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I have a dataset where the features are skewed (non normal) distributions. My preprocessing pipeline consists of the following steps:

  1. Missing values imputation
  2. Centering and scaling (zero mean and unit variance) of each feature
  3. Transforming the features to an approximate normal distribution by using the Box-Cox Transformation.

Should I first do the centering and scaling or the transformation?

Second, if the distributions are skewed (not normal) is centering and scaling (zero mean and unit variance) still ok? Another possiblity would be to subtract the median (instead of the mean) and dividing by 1.5 * the interquartile range (instead of the standard deviation).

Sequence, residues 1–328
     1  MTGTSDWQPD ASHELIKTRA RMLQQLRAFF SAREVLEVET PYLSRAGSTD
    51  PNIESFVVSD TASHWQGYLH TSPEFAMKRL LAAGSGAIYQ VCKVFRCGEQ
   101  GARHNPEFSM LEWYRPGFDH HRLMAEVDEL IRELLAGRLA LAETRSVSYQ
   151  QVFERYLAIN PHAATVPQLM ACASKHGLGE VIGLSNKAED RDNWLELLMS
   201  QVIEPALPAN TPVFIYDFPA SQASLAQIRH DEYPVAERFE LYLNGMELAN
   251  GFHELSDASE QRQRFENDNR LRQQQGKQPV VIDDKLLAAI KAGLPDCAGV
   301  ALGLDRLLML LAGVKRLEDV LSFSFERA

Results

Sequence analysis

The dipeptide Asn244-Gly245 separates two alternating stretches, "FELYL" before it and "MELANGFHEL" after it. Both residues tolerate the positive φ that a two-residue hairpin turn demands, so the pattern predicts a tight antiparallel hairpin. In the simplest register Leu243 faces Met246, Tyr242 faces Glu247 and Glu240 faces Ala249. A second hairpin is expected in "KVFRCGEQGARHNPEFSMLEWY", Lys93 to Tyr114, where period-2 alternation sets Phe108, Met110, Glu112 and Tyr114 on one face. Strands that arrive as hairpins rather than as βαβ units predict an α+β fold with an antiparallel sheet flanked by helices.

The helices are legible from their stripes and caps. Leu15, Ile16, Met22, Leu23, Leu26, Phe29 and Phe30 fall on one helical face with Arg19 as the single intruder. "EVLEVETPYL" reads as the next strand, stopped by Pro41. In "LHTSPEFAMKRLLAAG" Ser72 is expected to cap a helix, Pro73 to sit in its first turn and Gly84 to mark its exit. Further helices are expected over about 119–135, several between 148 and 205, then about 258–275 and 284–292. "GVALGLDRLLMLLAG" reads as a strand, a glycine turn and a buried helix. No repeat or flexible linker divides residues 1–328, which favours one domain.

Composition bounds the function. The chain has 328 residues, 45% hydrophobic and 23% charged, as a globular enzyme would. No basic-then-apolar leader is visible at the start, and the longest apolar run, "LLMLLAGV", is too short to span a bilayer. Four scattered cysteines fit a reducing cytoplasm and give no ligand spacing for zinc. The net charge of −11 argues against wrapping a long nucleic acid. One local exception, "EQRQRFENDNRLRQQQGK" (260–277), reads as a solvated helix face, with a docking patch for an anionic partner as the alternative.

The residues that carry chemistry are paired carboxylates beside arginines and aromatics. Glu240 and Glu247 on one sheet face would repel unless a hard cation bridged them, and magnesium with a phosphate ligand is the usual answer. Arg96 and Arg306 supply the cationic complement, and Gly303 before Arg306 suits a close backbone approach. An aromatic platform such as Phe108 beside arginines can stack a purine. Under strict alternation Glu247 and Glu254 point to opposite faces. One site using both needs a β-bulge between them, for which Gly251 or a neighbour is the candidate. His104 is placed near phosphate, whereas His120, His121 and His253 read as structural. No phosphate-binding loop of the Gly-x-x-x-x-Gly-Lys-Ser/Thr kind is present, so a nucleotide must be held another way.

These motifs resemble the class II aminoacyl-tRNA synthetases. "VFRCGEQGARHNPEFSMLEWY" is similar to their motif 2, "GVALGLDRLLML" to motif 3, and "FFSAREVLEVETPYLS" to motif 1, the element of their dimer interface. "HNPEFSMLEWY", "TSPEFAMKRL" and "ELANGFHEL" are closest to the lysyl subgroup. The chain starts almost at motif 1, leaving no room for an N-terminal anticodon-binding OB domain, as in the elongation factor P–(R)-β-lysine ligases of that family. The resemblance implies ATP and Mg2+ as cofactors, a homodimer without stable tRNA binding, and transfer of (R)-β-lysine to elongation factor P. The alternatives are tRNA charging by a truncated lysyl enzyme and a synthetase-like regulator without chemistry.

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  • $\begingroup$ Depends on your Box-Cox machinery, but I don't know how you consider transformations such as logarithm and square root which are, apart from extra constants, members of the Box-Cox family if your variable has negative values, as it will after standardization. In short, #2 cannot precede #3 without correction. Apart from that, linear transformations such as (value $-$ summary) / spread have precisely no effect on skewness and kurtosis. Note that non-normal is not a synonym for skewed as there are symmetric distributions that aren't normal (and which could be awkward for data analysis). $\endgroup$ – Nick Cox Mar 21 '16 at 23:56

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